http://www.washingtonpost.com/blogs/the-fix/wp/2014/09/03/tom-coburn-wants-to-convene-a-constitutional-convention-congress-wont-let-that-happen/
      http://www.law.harvard.edu/students/orgs/jlpp/Vol30_No3_Rogersonline.pdf
      http://fas.org/sgp/crs/misc/R42589.pdf

      I feel comfortable with my characterization. Best of luck!

  4. Hi, James. I did not mean for that to sound critical of your article which is very interesting. I only mentioned it to try to avoid some of the misrepresentation that certain groups are using to paralyze our legislatures with fear in order to prevent them from going forward with this option. You are correct there are a lot of authorities that do use that term and unfortunately it gives the impression that an Article V convention can throw out the entire Constitution and replace it. I know that is not what most of them believe, but our opponents are trying to make it appear as though that can happen, which it cannot. An Article V convention can only propose amendments which then must be ratified by 38 states to become part of the Constitution. Each and every amendment is ratified separately, whereas a Constitutional Convention proposes a completely new document that needs to be ratified as a whole. This is really nothing different than when Congress proposes and debates an amendment to send it to the states, the only difference is now the states are holding a meeting among themselves to propose and debate amendments that once passed need to go back to the states for ratification. I will keep an eye on your information to see how COS is tracking and I appreciate the kind words. Thank you very much for mentioning what we are doing and if I can be of any assistance please let me know. Best regards, Ken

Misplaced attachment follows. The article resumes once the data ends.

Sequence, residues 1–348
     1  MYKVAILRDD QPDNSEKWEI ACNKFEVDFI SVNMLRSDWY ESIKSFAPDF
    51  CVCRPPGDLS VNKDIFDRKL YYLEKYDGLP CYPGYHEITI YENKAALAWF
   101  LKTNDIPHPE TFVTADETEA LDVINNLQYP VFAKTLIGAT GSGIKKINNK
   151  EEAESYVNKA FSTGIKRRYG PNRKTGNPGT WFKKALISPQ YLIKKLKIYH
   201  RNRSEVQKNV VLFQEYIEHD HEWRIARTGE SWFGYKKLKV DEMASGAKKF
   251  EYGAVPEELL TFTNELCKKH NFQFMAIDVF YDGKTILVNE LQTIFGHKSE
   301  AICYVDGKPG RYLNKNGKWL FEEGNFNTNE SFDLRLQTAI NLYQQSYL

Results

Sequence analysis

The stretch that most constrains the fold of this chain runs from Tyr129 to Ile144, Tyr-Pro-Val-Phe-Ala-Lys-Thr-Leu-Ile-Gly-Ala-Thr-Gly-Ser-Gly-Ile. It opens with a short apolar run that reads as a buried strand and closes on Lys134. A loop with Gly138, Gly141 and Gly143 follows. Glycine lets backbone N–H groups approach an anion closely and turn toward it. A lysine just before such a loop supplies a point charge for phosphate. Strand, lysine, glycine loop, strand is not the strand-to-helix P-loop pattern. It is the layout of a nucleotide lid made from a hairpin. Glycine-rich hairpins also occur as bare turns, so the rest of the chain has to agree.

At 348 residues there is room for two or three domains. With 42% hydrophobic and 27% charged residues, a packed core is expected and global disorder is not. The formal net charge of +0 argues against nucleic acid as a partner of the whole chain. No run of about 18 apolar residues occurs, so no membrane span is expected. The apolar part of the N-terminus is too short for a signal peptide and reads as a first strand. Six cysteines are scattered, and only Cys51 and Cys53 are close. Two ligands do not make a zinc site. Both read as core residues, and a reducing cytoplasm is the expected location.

1. No worries — I enjoy conversation very much and don’t think “critical” is a dirty word. I like the back and forth. I also sincerely appreciate the efforts of those who want to democratize (small-d) the American political process, whether or not I agree with those efforts’ particular aims.